20210224, 14:07  #1 
Aug 2020
2^{4}·7 Posts 
MersenneWoodall Primes
I saw that is a Mersenne prime and also the Woodall prime .
A Mersenne number is a Woodall number if the exponent p is of the form . So obviously we need p to be prime for the MersenneWoodall number to be prime. Just for fun I looked up which n < 101 result in a prime exponent: Code:
n p 1 3 3 11 5 37 9 521 15 32783 39 549755813927 75 37778931862957161709643 81 2417851639229258349412433 89 618970019642690137449562201 
20210224, 18:07  #2 
Nov 2016
2,819 Posts 
This is doubleexponent sequence, thus it is conjectured that the number of such primes is finite, and 2^5211 may be the largest such prime, like 65537 may be the largest Fermat prime, and 2^1271 may be the largest doubleMersenne prime.

20210224, 18:38  #3 
Aug 2020
2^{4}×7 Posts 
I didn't know about this conjecture. That is also why generalized Fermat numbers are supposed to only have a finite number of primes per base?
Does that conjecture have a name and is there a simple explanation? I could only find some papers about it, but with my very limited math knowledge I didn't grasp much. And it probably doesn't say anything about the expected number of primes, or does it? 
20210224, 18:41  #4 
"Daniel Jackson"
May 2011
14285714285714285714
2^{3}×3^{4} Posts 
M549755813927 is divisible by 43399809724955419039.
M37778931862957161709643 has no factors <2^110. M2417851639229258349412433 is divisible by 14507109835375550096474599. M618970019642690137449562201 is divisible by 302234395011250596454696928877487. Just helping out so that no one claims them to be prime (there is still that possibility for M37778931862957161709643, but it's extremely unlikely). Last fiddled with by Stargate38 on 20210224 at 18:47 Reason: forgot "." 
20210224, 18:52  #5  
Nov 2016
2,819 Posts 
Quote:
The conjecture in post https://mersenneforum.org/showpost.p...&postcount=675 may be true, but may be false when c = 1, b = q^m, k = q^r, and the exponent of highest power of 2 dividing r >= the exponent of highest power of 2 dividing m (where (k*b^n+c)/gcd(k+c, b1) corresponding to GFN's to even bases or half GFN's to odd bases, for the reference of half GFN's to odd bases, see http://www.fermatquotient.com/PrimSerien/GenFermOdd.txt) Last fiddled with by sweety439 on 20210224 at 19:17 

20210224, 18:53  #6  
Nov 2016
5403_{8} Posts 
Quote:
Last fiddled with by sweety439 on 20210224 at 19:17 

20210226, 08:55  #7 
Aug 2020
2^{4}·7 Posts 
Thanks for the links, sweety439. To be honest, understanding that Boklan and Conway paper is beyond me. So the conjecture says the number of primes is not only finite, but that there are only a few, i.e. < 10 or so?
Stargate38, I'm impressed and disappointed. ;) Is that the result of TF? But how can you get so quickly to 2^110, or is TF that fast on a single candidate? So, for n < 1300: Code:
n p 317 266998379490113760299377713271194014325338065294581596243380200977777465722580068752870260867389 701 10520271803096747014481979765760257331100679605646347718996561806137464308594161644227333072555176902453965937712356435426038864500367607726255629541303761699910447342256889196383327515768645434542586503471563453 735 180736893357325919804742965901096183254486650358500961579737723575212405143116703993975930943694719806137463391890175780999890999416217020648099397663164550811570949854893831716648452639533025774320471006645409943407035103 Last fiddled with by bur on 20210226 at 09:00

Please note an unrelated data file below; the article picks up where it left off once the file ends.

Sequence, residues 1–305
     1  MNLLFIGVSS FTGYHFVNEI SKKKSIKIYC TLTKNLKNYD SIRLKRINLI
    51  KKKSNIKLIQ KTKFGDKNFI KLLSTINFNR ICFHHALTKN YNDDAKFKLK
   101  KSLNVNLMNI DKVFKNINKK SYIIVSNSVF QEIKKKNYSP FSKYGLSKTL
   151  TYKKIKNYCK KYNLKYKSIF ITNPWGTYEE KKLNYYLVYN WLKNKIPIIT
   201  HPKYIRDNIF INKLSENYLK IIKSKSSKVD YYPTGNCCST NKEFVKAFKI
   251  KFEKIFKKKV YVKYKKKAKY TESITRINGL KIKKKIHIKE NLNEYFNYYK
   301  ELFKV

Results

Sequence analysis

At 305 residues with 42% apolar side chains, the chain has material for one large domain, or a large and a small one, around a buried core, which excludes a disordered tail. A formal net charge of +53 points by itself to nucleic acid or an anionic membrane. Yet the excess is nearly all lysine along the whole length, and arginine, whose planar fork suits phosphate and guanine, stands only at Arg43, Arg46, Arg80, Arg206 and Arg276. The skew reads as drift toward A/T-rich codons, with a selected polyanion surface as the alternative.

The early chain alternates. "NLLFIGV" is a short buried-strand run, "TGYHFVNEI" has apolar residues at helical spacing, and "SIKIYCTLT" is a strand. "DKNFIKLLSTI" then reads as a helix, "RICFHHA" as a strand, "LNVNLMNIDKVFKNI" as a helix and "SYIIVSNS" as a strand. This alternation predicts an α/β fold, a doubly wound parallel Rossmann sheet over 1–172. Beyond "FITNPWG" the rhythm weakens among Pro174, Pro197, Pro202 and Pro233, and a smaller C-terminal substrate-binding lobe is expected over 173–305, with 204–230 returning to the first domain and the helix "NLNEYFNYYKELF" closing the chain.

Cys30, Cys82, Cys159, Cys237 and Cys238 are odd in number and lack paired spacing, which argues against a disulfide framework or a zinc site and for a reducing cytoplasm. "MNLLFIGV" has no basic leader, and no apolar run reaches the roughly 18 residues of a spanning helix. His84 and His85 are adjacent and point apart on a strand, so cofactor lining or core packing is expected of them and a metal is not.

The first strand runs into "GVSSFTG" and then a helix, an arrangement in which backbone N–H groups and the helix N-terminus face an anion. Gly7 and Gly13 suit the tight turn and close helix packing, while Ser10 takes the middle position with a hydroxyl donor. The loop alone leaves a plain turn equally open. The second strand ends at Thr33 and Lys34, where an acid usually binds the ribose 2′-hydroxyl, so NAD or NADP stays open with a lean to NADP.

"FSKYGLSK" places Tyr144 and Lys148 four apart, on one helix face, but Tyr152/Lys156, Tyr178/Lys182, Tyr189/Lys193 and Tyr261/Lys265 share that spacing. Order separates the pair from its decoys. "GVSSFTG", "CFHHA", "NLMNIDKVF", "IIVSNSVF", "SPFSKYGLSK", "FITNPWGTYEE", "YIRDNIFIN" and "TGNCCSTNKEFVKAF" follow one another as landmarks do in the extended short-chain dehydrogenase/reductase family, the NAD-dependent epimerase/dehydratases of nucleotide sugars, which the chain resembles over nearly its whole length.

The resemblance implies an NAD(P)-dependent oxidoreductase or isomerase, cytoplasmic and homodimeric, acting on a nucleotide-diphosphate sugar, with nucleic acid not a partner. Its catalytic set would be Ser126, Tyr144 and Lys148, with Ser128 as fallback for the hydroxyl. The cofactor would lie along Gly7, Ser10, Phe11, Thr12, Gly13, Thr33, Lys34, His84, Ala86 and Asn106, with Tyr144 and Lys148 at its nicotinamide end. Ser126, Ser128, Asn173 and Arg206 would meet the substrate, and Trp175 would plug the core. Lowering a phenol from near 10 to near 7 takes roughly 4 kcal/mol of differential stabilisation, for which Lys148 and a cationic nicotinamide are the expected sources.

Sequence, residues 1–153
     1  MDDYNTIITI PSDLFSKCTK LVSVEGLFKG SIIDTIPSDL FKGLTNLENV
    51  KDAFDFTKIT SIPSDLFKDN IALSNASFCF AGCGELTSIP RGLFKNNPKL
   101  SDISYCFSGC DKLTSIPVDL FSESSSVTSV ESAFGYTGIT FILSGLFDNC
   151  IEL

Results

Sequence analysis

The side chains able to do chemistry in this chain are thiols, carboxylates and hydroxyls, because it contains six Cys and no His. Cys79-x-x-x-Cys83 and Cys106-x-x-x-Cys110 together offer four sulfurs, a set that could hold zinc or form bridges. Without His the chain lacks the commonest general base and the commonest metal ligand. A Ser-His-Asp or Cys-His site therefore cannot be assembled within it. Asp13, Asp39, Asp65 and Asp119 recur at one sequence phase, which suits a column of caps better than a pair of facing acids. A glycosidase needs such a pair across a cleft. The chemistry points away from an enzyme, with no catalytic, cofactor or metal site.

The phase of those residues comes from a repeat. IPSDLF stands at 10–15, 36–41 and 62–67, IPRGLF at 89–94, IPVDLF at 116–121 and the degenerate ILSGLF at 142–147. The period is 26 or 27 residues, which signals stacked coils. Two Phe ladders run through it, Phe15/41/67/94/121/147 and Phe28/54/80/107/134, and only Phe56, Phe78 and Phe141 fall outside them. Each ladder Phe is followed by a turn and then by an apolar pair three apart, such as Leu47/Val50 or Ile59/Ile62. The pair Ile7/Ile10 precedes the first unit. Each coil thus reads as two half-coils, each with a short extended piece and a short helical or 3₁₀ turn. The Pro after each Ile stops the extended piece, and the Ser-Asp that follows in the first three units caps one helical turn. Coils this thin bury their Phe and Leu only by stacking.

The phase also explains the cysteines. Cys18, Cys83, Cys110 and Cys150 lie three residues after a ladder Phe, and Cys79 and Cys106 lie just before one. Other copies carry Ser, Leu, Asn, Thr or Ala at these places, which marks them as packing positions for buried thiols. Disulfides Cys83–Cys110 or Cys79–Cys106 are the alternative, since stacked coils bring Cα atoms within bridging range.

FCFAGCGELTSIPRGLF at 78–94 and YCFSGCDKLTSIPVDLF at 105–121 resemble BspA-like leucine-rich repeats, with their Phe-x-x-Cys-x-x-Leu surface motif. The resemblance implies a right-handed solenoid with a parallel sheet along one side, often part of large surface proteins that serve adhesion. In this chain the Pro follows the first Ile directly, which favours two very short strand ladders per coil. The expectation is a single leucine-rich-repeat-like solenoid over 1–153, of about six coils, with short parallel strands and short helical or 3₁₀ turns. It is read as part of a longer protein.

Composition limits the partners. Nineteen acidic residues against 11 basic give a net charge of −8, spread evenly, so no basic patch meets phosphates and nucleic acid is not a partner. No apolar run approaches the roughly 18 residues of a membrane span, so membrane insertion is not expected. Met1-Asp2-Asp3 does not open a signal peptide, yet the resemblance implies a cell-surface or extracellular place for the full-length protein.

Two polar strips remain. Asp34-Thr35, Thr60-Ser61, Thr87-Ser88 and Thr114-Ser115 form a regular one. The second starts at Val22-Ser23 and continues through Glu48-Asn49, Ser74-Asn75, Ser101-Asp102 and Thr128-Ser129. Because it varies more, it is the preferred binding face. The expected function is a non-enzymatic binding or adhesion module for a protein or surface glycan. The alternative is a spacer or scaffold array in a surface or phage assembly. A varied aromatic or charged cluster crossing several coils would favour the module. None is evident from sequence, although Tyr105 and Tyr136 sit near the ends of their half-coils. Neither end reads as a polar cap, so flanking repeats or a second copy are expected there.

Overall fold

20210226, 19:49  #8  
Nov 2016
2,819 Posts 
Quote:
Since such numbers are too large to test the primality (even the probableprimality, such as a Miller–Rabin primality test and Baillie–PSW primality test, in fact, since the N1 or N+1 for these numbers are immediately smooth, there are no pseudoprimes), thus we cannot know whether these numbers are primes or not, unless a divisor of the number can be found (we can only use trial division to disprove the primality of these numbers). Note: Since these numbers are of the form Phi(n,2)/gcd(Phi(n,2),n) (where Phi is the cyclotomic polynomial, and gcd is greatest common divisor), and all numbers of the form Phi(n,2)/gcd(Phi(n,2),n) are strongprobableprimes to base 2, so don't test with that base. In generally, all numbers of the form Phi(n,b)/gcd(Phi(n,b),n) (b>=2) are strongprobableprimes to base b, so don't test with that base. Last fiddled with by sweety439 on 20210226 at 20:01 

20210226, 23:54  #9 
"Alexander"
Nov 2008
The Alamo City
1001000100_{2} Posts 
Remember that all factors of Mersenne numbers are of the form 2kp+1, so larger exponents have fewer possible factors to check for a given bit range. A backoftheenvelope calculation says it's actually significantly less than an equivalent GIMPS TF amount of work.

20210227, 01:23  #10  
Nov 2016
2,819 Posts 
Quote:


20210227, 02:08  #11  
"Serge"
Mar 2008
Phi(4,2^7658614+1)/2
2^{3}×5^{2}×47 Posts 
Quote:
Only prime n are of interest for this thread, and for them gcd() is "1", and Phi() is 2^n1. So you typed 159 characters, that added 0 substance to what Happy already said. ___ * and in general, every statement that start with a guarding qualifier "generally,..." is good for social science arguments and is simply nonsense for math. When you look at a statement, "Generally, <blah>" with a trained eye, you parse out the word "generally" and then skip the rest as irrelevant until next dot. 

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